From the Journals

Genetic Pap tests catch more cancers

 

Key clinical point: Genetics-based Pap test identified endometrial and ovarian cancers.

Major finding: Pap brush samples identified mutations in 81% of women with endometrial cancer and 29% of women with ovarian cancer.

Study details: Analysis of 1,915 Pap samples from 1,658 women; 1,002 were healthy controls, while 656 had gynecologic cancer.

Disclosures: The study was funded by multiple sources including the Virginia and D.K. Ludwig Fund for Cancer Research, the National Institutes of Health, and the Stand Up to Cancer Colorectal Dream Team Translational Research Grant. Dr. Wang and several coauthors disclosed patent, equity, and royalty interest in technologies discussed in the paper. Four coauthors are cofounders of and stockholders in PapGene, which has licensed technologies related to the work described in the paper.

Source: Wang Y et al. Sci Transl Med. 2018 Mar 21;10(433):eaap8793.


 

FROM SCIENCE TRANSLATIONAL MEDICINE

A Pap test combined with assays for gene mutations showed an 81% and 33% sensitivity or identifying endometrial and ovarian cancer, respectively.

Overall, 81% of the endometrial cancer patients and 29% of the ovarian cancer patients had detectable mutations on Pap smears taken with a Pap brush. Among endometrial cancer patients, the genetic test identified mutations in 78% of patients with early-stage disease and 89% of those with late-stage disease. Among ovarian cancer patients, the genetic test identified 28% of patients with early-stage disease and 30% of those with late-stage disease.

The investigators also used the genetic test on Tao brush samples from the intrauterine cavity from a subset of 123 patients with endometrial cancer, 51 with ovarian cancer, and 125 controls and identified genetic mutations in 93% and 45% of endometrial and ovarian cancers, respectively.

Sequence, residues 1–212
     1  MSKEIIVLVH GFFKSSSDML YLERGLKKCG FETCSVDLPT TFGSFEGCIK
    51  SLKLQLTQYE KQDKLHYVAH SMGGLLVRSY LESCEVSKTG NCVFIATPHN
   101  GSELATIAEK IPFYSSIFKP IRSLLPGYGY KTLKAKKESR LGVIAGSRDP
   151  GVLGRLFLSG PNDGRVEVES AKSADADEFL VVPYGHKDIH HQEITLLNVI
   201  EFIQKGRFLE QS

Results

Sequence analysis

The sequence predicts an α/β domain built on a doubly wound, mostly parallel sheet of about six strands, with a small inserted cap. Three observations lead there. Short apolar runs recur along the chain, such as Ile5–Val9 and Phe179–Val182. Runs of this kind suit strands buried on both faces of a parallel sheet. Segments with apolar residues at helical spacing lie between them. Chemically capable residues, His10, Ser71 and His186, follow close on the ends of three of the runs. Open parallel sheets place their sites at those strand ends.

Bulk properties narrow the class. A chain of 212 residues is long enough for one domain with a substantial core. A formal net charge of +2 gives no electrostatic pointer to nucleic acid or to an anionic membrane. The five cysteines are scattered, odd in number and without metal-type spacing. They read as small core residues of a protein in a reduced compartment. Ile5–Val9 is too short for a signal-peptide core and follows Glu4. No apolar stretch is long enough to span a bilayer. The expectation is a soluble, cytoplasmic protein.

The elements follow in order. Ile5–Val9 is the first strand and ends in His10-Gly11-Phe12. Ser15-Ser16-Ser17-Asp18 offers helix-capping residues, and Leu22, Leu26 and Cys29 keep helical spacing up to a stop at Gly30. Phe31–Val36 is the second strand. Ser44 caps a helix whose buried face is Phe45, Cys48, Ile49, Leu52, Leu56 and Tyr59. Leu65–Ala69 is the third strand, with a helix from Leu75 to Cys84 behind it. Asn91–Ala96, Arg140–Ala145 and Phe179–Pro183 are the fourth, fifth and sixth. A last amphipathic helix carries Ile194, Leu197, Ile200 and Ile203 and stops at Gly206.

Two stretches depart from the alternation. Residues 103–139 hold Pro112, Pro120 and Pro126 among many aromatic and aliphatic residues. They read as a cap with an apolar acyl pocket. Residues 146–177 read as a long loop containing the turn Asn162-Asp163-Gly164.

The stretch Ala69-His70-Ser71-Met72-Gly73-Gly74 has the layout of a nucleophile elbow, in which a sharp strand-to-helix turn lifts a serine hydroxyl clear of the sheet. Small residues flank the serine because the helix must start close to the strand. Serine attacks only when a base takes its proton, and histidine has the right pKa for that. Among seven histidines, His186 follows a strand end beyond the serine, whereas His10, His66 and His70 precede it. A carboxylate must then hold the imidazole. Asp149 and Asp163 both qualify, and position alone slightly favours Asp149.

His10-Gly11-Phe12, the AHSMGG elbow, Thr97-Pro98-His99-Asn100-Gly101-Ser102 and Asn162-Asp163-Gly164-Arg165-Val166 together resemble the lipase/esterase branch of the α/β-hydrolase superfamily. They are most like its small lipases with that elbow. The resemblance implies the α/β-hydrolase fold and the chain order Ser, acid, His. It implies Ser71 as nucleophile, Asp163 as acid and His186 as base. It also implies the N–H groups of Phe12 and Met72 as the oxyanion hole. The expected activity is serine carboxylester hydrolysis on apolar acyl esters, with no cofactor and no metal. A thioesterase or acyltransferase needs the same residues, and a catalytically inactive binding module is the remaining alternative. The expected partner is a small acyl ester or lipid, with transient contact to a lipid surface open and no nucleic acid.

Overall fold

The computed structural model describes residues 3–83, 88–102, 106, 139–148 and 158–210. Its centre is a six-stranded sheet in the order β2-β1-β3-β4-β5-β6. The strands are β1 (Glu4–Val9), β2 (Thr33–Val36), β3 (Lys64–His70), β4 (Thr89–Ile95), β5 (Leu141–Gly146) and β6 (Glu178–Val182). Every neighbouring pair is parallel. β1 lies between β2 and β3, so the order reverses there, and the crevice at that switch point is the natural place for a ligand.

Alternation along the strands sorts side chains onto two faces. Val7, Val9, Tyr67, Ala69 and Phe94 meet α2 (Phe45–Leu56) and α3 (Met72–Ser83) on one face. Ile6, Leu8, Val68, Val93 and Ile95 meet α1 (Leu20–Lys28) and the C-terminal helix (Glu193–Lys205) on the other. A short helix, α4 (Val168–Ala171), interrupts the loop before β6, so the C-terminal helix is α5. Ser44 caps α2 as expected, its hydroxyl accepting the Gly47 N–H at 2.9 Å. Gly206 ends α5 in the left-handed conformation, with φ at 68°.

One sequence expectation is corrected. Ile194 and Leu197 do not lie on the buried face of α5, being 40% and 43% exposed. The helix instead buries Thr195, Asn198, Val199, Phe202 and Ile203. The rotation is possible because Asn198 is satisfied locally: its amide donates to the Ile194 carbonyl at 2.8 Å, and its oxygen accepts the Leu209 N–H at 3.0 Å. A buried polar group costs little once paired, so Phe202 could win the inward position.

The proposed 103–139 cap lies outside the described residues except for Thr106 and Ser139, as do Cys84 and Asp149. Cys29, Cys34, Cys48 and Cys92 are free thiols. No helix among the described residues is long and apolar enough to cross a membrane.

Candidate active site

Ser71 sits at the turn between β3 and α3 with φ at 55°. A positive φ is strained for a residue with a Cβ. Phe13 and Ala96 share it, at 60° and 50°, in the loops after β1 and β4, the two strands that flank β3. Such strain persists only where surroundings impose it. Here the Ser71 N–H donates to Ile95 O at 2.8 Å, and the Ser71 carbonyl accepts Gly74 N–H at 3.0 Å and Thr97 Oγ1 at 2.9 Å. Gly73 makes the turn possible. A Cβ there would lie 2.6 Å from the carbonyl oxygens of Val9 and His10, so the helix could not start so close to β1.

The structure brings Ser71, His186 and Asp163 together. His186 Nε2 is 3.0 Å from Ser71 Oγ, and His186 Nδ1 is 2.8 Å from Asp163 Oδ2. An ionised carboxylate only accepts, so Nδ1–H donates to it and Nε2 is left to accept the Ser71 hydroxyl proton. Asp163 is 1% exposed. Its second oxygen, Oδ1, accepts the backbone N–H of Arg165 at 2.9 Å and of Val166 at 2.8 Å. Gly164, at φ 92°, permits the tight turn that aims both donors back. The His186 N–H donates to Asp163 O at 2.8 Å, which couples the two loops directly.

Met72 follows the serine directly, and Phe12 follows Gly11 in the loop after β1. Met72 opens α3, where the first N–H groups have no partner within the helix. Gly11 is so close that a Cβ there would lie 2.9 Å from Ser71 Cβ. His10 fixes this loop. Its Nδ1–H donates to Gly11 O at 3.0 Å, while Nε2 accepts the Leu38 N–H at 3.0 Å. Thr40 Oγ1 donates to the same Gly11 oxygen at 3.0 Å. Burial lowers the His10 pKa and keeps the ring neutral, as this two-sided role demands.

The results demonstrate the potential of mutation-based diagnostic testing, and samples taken with the Tao brush may be especially helpful for ovarian cancers, especially in samples combining Pap and plasma sample data, the researchers said.

The study was limited by several factors including its retrospective design and having a study population confined to women with known cancers, the researchers noted. More research is needed, but results suggest the potential for DNA analysis to catch cancers early in a screening setting, they said. “Our study lays the foundation for evaluating PapSEEK in a large prospective study,” ideally including patients at high risk for gynecologic cancers, they added.

The study was funded by multiple sources including the Virginia and D.K. Ludwig Fund for Cancer Research, the National Institutes of Health, and the Stand Up to Cancer Colorectal Dream Team Translational Research Grant. Dr. Wang and several coauthors disclosed patent, equity, and royalty interest in technologies discussed in the paper. Four coauthors are cofounders of and stockholders in PapGene, which has licensed technologies related to the work described in the paper.

SOURCE: Wang Y et al. Sci Transl Med. 2018 Mar 21;10(433):eaap8793.

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